Toronto Residential Income Property Newsletter: November 2011

What is the key to success in the real estate investment business? One word: Patience.Many of my clients have endured a rough ride this year with the lack of too many good duplexes and triplexes. The key, quite simply, is to hang in there. I strongly recommend to my purchaser clients that you don’t get frustrated with the market and the poor returns and just stay the course.Eventually, with a lot of hard work and a little bit of luck, your property will turn up.I’ve seen it happen too many times, that just when you think you will never find the right opportunity, that there it comes right around the corner.The old saying “good things come to those who wait” can be very true indeed in the income property business.

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This month I’d like to look at a segment of the Toronto real estate market that I often don’t report on too regularly. As you know, at Plex we are very active with duplexes, triplexes and multiplexes as well as “fixer-uppers” that may have profit potential. One other area that can also have good investment potential is with mixed-use buildings – retail storefronts with two or three apartments and/or offices above.

Most of these properties are on popular retail strips like Queen, Bloor, College and obviously Yonge St.There are also little strips like the Forest Hill Village, the shops on Bayview south of Eglinton or at the top of Coxwell in Leslieville.Many neighbourhoods have retail strips that offer every good and service imaginable.Some areas are more known for specialties – for instance restaurants on the Danforth, or on College in Little Italy.Most of the time these buildings fall under the I.C.I. umbrella (commercial rather than residential) even though there may be residential rental apartments above the main floor retail space.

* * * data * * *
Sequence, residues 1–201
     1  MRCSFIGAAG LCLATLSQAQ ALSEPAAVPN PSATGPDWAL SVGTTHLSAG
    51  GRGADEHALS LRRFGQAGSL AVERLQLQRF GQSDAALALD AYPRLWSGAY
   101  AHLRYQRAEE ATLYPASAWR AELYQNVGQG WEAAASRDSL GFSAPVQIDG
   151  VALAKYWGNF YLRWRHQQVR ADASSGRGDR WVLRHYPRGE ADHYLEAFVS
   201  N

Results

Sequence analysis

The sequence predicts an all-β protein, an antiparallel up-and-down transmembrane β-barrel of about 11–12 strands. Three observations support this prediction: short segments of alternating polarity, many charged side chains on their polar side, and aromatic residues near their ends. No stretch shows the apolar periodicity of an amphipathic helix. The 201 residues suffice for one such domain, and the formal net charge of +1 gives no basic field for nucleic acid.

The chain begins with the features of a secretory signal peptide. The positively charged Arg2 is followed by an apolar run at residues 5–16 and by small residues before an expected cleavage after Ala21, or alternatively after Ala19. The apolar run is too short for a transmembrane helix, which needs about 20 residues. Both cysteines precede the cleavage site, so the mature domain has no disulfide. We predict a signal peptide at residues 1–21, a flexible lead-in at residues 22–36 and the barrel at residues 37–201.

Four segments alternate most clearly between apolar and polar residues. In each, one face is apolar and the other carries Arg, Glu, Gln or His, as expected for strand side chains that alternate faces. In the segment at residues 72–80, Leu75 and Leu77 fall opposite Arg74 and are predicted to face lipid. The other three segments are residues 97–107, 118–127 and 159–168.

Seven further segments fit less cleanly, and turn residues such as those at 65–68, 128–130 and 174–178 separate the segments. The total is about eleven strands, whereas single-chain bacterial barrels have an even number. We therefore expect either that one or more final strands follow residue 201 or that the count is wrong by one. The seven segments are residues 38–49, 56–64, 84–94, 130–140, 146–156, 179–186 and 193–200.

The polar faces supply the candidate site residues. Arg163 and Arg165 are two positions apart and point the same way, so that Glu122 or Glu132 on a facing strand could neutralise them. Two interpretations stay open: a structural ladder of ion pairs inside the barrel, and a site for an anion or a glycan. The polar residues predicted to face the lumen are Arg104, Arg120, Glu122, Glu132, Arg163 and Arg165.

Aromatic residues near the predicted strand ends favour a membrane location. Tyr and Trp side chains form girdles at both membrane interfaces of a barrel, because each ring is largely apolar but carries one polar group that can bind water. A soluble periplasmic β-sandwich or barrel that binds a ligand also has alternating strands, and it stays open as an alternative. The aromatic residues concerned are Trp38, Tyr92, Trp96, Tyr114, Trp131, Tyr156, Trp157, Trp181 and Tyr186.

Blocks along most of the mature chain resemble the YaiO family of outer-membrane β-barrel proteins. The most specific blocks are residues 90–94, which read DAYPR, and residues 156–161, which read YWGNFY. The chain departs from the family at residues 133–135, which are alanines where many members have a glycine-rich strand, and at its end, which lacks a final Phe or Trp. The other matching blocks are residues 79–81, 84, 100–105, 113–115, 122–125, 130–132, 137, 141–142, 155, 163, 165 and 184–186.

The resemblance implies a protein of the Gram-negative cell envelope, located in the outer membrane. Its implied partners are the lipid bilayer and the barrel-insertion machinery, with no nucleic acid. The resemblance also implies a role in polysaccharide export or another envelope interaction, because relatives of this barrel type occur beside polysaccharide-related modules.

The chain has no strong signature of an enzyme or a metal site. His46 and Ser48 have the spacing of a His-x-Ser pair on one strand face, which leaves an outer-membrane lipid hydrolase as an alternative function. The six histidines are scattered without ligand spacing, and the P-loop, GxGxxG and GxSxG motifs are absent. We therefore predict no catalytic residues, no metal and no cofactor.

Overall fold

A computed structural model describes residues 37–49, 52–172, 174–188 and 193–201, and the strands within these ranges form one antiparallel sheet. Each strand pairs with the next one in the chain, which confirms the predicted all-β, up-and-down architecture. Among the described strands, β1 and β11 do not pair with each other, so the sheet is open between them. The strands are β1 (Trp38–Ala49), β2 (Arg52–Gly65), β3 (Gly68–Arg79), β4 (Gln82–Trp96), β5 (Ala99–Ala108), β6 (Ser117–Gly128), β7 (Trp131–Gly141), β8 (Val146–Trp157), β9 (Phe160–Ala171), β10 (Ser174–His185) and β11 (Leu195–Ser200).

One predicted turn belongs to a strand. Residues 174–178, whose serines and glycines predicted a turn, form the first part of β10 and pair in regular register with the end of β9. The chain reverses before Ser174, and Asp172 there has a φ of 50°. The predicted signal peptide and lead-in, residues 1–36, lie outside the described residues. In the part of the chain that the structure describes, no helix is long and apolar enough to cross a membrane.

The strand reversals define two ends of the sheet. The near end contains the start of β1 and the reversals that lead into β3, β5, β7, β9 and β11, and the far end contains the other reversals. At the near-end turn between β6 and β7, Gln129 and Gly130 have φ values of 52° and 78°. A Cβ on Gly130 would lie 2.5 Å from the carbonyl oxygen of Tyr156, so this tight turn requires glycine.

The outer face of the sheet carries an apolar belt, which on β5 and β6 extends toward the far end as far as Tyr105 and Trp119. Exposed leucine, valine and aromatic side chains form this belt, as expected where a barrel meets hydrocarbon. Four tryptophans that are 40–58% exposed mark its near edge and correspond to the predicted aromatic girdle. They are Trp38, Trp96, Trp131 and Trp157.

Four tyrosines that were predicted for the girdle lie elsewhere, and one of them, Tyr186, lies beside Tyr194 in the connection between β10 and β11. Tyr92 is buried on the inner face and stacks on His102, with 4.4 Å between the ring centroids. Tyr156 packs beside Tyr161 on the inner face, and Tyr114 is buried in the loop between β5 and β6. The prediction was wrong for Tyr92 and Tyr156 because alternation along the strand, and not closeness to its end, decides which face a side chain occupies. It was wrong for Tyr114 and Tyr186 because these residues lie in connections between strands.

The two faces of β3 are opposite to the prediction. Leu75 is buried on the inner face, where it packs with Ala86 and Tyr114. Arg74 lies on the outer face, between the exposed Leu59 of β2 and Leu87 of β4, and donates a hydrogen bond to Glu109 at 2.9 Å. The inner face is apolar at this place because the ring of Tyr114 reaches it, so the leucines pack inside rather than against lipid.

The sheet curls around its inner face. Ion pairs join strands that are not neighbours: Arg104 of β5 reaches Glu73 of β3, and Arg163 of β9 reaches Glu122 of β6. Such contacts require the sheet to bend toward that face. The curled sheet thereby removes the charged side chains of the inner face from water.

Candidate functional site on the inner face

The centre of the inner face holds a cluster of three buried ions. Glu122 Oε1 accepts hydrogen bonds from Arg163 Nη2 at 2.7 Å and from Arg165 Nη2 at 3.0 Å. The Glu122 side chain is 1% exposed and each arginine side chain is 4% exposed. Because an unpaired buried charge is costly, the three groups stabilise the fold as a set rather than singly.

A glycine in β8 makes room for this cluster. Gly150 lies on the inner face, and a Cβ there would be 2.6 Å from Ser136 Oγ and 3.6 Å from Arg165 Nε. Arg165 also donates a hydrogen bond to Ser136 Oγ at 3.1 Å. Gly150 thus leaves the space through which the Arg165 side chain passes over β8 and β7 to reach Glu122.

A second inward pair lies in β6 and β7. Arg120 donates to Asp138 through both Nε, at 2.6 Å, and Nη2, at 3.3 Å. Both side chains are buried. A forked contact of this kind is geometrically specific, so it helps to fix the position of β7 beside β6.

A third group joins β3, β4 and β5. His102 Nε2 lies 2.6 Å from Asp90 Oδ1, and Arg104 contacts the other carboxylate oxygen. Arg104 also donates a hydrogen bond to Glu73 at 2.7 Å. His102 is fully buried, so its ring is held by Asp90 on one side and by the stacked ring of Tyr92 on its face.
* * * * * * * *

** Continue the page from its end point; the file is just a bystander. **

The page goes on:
These properties can be quite interesting for someone looking to live-in or for the absentee investor. The market for these mixed-use buildings has been similar to strictly residential properties over the past few years insofar as lower bottom-line returns and negligible cap rates. My advice is to make sure that if you buy a mixed-use building that your main floor retail tenant is on a long lease and that their business is strong, unless of course you have a business to operate out of the main floor yourself. Most of the properties derive the bulk of their income form the main floor lease and it would be difficult to immediately make up that rent if the tenant leaves before the end of their rental term. It is much easier to find a residential tenant than a commercial one. The commercial rental market has softened a little following the recession we just endured. It is not uncommon to see more and more unrented storefronts these days.

Remember too that every new tenant is going to want to build to suit, so that cost is likely going to cost you months of free rent. It is usually the tenant who pays for major modifications to the premises, but you have to be aware of how these changes may affect the value of your building if they suddenly disappear. Also, most of these properties are on busy main streets, so keep that in mind if you intend to live in a property above a store front.

My clients have asked where the mixed-use retail market is going since commercial borrowing rates continue to be very favourable. So far in 2011, the market for these buildings has been strong and the bottom line cap rates are similar to the residential plexes. In other words, they don’t really offer any more investment benefit than apartments in traditional homes.